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The Contribution Of Smoking To Black-White Differences In U.S. Mortality

Jessica Y. Ho, Irma T. Elo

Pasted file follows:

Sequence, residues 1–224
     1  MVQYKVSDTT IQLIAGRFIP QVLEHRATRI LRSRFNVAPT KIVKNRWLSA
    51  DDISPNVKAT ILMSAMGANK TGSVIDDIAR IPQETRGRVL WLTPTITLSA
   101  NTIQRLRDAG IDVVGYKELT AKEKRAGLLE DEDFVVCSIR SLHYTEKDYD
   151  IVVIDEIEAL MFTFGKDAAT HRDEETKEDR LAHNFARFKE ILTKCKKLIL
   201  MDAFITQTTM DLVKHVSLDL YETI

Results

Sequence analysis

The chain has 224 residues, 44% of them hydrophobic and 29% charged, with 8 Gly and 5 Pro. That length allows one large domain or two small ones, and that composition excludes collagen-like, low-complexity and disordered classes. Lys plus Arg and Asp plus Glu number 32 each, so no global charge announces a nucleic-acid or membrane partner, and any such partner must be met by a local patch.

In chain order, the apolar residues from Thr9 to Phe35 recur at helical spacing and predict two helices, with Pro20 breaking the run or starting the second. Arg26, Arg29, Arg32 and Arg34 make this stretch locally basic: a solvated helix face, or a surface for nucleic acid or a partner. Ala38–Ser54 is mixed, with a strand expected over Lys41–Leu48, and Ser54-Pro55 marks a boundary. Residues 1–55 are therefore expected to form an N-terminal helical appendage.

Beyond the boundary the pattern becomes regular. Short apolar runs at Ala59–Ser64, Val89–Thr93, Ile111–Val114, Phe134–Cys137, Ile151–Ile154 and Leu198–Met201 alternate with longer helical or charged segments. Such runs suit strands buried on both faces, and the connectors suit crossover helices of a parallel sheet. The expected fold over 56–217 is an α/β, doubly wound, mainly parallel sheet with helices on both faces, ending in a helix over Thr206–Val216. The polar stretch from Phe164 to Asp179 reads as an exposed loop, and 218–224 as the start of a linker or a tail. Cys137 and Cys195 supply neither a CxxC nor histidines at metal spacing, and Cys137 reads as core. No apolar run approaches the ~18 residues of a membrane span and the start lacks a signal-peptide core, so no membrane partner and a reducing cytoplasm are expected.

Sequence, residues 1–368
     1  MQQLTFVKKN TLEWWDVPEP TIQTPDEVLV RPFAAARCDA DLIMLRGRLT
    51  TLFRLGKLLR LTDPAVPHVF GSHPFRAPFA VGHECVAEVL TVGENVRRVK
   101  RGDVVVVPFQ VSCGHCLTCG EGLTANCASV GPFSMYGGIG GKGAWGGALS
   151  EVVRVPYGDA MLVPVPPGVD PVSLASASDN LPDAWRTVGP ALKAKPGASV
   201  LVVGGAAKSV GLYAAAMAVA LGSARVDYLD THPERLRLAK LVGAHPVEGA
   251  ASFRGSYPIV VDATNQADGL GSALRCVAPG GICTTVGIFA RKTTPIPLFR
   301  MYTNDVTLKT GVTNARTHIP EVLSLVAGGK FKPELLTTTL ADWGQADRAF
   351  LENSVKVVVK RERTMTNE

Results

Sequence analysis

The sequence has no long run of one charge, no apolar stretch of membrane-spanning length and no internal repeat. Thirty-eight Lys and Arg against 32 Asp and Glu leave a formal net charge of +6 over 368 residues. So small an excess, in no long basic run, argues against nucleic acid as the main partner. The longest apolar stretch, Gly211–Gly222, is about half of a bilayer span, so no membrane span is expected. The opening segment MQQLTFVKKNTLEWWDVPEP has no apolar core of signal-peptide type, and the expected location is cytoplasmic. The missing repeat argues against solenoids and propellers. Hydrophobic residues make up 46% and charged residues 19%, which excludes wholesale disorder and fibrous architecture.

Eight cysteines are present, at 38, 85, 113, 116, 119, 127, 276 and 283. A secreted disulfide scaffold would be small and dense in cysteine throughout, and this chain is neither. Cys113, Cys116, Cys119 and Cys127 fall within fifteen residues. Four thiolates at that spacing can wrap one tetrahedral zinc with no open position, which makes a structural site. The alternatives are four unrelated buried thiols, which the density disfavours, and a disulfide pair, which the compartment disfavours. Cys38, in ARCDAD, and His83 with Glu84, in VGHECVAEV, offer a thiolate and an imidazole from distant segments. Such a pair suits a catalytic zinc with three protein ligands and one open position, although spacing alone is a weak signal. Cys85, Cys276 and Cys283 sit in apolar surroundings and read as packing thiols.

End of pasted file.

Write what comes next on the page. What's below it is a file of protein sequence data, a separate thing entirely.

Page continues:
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Abstract Smoking has significantly impacted American mortality and remains a major cause of morbidity and mortality. No previous study has systematically examined the contribution of smoking-attributable deaths to mortality trends among blacks or to black-white mortality differences at older ages over time in the United States. In this article, we employ multiple methods and data sources to provide a comprehensive assessment of this contribution. We find that smoking has contributed to the black-white gap in life expectancy at age 50 for males, accounting for 20 % to 48 % of the gap between 1980 and 2005, but not for females. The fraction of deaths attributable to smoking at ages above 50 is greater for black males than for white males; and among men, current smoking status explains about 20 % of the black excess relative risk in all-cause mortality at ages above 50 without adjustment for socioeconomic characteristics. These findings advance our understanding of the contribution of smoking to contemporary mortality trends and differences and reinforce the need for interventions that better address the needs of all groups.